f a i t h * i n * f i c t i o n: Gaiman and Clarke: Fantasy Interview

f a i t h * i n * f i c t i o n

Monday, October 10, 2005

Gaiman and Clarke: Fantasy Interview

Neil Gaiman and Susanna Clarke (of Jonathan Strange and Mr. Norrell fame) were interviewed together by Salon.com. Worth a read.

Here's a bit:

What about all the association with all those Tolkien imitators?

N.G.: That's so recent. One of the things I tried to do in "Stardust," and Susanna did do in "Strange & Norrell," is write a book for which there's an absolutely solid tradition in English literature, but it predates the idea that there was a part of the bookstore marked "Fantasy." When Tolkien published "The Lord of the Rings," those were books, published as books. There weren't "Fantasy" shelves because there was no genre.

S.C.: The fantasy we're both writing is drawing not just on the things that came after Tolkien, but on the whole of these things that came before. We're most interested in the things that came before the genre -- that's really it.

N.G.: Once people realized there was a genre, they started "doing" other people, doing Tolkien. They became faint photocopies. You get these great big books which are set in a medieval kingdom that is basically somebody's impression of what they liked about Tolkien, combined with what they enjoyed about playing Dungeons and Dragons as a high schooler. That's not what we're doing.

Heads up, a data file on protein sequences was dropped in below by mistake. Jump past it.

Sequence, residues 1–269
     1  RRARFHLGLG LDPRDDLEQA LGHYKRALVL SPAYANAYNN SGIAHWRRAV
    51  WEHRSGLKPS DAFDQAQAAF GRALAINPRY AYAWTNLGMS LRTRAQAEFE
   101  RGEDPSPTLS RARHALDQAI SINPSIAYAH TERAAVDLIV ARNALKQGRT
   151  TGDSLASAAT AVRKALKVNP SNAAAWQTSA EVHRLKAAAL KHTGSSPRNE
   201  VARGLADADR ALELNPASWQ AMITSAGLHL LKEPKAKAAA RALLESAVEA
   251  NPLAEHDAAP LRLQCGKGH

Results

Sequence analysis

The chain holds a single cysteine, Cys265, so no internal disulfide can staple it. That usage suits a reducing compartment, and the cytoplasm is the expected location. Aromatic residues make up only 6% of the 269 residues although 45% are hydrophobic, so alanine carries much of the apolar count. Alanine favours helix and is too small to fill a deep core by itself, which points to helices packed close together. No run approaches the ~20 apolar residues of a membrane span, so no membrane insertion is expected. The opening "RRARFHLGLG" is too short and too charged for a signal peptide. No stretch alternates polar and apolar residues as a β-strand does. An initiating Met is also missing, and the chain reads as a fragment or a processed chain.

Still, you wind up being lumped with it because of the genre label.

N.G.: I don't know that there's any way around that besides market forces. I read a review yesterday in Bust magazine, which I'd picked up in a supermarket. I used to quite like it, but it looked like it had been bought by somebody and completely overhauled. They had some reviews in the back, and I said, "Oh look, here's a review of Kelly Link's new book. I wonder what they say." And what they said was that the book was really horrible because it was filled with things that were made up, zombies and things and a handbag with a world in it, and how could this possible relate to anybody's life? It was basically a review written by someone who could cope with neither similes nor metaphors.

Are either of us fantasy writers? I don't think so; we're both writers. But we make things up, and I like the privilege of being allowed to make anything up.

S.C.: It's about imagination. Jay McInerney did this interesting response in the Guardian newspaper to V.S. Naipaul saying that fiction is dead. It was quite good as far as it went. But there's this assumption in what he said that what you're writing about is the world now and that the important thing is to examine the world now. I kind of think, Why? Shakespeare didn't think it was important to write contemporary Elizabethan plays. Dickens tended to write about the society 50 or 20 years earlier. It seems to me that what writers are supposed to do is use their imaginations. Imagination is one of the most important things we have.